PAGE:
Saturday, May 4, 2013

La Playa DC














































LA PLAYA DC           C+                  
Colombia  France  Brazil  (90 mi)  2012  ‘Scope  d:  Juan Andrés Arango Garcia          

A dour and stylistically downbeat film without an ounce of sentimentality shot on the streets of Bogotá, Columbia, where La Playa is one of the poorest neighborhoods, inhabited by black or dark skinned Colombians, a nation with the third largest Afro-Colombian population in the western hemisphere after North America and Brazil, where most are concentrated in northwest coastal areas.  Common to each is a disconnection from their past histories and culture, much of it forgotten or erased in the push for modernity, as many encounter a noticeable degree of racial discrimination and prejudice, a holdover from the Colonial era where African slaves were brought into Colombia by the Spaniards in the 16th century to replace the dwindling indigenous population, where their labor was an essential component of the gold mining industry and the sugar cane plantations.  Afro-Colombians have been historically absent from high level government positions, and many of the original coastal settlements have also been targeted for displacement by armed guerrilla militias in Colombia’s continuing internal conflicts over control of the illegal cocaine markets, leading to an influx migrating into urban areas since the 1970’s.  This film marks the debut of this 35-year old white Colombian director currently living in Montreal, Canada who attempts to capture the rhythms and evocative atmosphere of Bogotá’s concrete jungles.   If restless, hand-held camera shots capturing the back of someone’s head as they continually walk through city streets is a particular source of aggravation, this would not be a film for you, as this cinematic style has been perfected by the Dardenne brothers in films like ROSETTA (1999) and THE SON (2002), and seems to be the shot of choice in this film, much of which is wordless with first time, non-professional actors who are relatively inexpressive.          

The coming-of-age story concerns a single family with three brothers whose father was killed years ago in their hometown of Buenaventura on the Pacific Coast, perhaps Colombia’s deadliest city, plagued by a history of drug trafficking violence and the presence of guerrilla and paramilitary groups, where it is now the center of Colombia’s cocaine trade.  But in this film, it is the recurrent image of tropical flashbacks where they spent a peaceful and idyllic childhood, often sitting next to a flowing river surrounded by heavy vegetation, with their mother braiding their hair and weaving patterns onto their scalps, an old custom from slavery times, claiming they are maps to help the men find their way home.  These flashbacks are a connection to their pasts, often accompanied by traditional chants, as part of the African Diaspora often centers on various hair styles.  In an opening sequence, 13-year old Tomás (Luis Carlos Guevara) is seen wandering through the city, hiking straight up into the lush foliage of the mountains where he settles down and draws, often seen later in town doodling on flat building surfaces.  At home with his mother, Tomás abruptly rejects the offer that her husband may have a job for him working security, claiming that’s a “kiss-ass” job, as his younger brother Jairo (Andrés Murillo), who’s been missing for months, involved with drug gangs, shows up on the doorstep.  But no sooner does he arrive than his stepfather kicks him back out again, as he doesn’t need dope found in his house, not with a newborn baby and the possibility of having a future family of his own.  When Tomás defends him, he’s kicked out as well, leaving the boys to fend for themselves on the street, where they are often seen getting hassled in random stops by the police, each time checking their ID’s against outstanding police records,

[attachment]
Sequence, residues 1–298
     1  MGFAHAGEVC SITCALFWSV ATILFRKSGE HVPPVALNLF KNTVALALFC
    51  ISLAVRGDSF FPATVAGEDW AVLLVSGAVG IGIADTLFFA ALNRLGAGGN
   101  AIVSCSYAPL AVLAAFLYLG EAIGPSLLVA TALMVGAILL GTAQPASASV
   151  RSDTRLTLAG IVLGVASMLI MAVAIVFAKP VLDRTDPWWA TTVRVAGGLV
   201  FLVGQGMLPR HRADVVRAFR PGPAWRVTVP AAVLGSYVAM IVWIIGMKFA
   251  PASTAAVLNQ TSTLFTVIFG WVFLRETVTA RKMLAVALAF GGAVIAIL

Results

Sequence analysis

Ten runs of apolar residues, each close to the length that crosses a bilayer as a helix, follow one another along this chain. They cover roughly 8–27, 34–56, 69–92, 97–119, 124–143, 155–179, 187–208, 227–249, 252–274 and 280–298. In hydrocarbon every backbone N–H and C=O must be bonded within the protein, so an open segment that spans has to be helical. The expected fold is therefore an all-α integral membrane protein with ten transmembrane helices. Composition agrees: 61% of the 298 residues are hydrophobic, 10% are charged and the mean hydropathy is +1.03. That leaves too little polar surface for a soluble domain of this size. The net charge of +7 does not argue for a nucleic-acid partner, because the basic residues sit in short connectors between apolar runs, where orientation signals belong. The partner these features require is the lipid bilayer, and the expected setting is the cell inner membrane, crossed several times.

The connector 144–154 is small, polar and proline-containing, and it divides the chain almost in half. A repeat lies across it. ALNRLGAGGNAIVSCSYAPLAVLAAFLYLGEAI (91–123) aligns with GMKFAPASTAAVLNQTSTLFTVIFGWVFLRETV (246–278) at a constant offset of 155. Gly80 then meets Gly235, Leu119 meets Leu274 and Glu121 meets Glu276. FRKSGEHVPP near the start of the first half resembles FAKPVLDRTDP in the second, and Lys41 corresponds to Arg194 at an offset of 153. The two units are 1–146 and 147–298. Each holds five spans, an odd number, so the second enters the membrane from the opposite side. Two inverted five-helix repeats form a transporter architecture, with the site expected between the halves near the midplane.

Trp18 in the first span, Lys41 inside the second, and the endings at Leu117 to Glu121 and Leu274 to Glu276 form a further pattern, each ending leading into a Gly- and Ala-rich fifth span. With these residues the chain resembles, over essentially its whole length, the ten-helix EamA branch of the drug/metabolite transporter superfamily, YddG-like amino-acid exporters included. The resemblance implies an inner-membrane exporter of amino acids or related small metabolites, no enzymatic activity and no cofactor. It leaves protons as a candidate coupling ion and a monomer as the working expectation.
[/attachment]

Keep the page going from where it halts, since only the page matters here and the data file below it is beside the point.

By the next day, however, Tomás finds his older brother, Chaco (James Solis), who has served time in prison and was recently deported by Canada.  Chaco believes their only hope is heading back north, having no loyalty to his family or any real connection to his surroundings anymore, but he does offer Tomás a bed in his rented room.  Wandering the streets, there is a girl working in the mall that catches his eye, giving her a quick kiss before hanging out as an apprentice barber, watching guys give ghetto style haircuts, using clippers and razor blades, discovering he may have the talent as well, especially creating original designs.  But he and his brother are escorted out of the upscale mall by security guards, exactly why Chaco wants to leave town as quickly as possible.  Jairo is addicted to crack cocaine, owing a huge debt to drug dealers after smoking what he was supposed to sell, so he spends all of his days in hiding, hoping they never find him.  In this desolate environment, the director, through Tomás, weaves his way through a gritty urban landscape, seemingly falling through the hidden cracks.  While there’s not a compelling drama or even much human interest to hold the audience’s attention, told with such an aloof and unaffected manner, nonetheless this part of the world is largely unseen in the world of cinema or by the rest of the world, and the understated, social realist style allows the audience’s eyes and ears to intrude into these lives for a few brief moments.  Not entirely successful, where the sound design feels poorly designed overall, but the scene of the film may be watching Tomás in a blue-tinged Afro-Colombian nightclub where dancers bump and grind to their own hip hop music.  But no lasting connections are made, as everything has a restless and fleeting quality to it, where one’s destiny often happens purely by accident, getting arrested, being in the wrong place at the wrong time, or suddenly finding the right path, even if it’s only for a moment, where at least it feels like there’s a chance.  In this bleak existence, that’s all you ever get.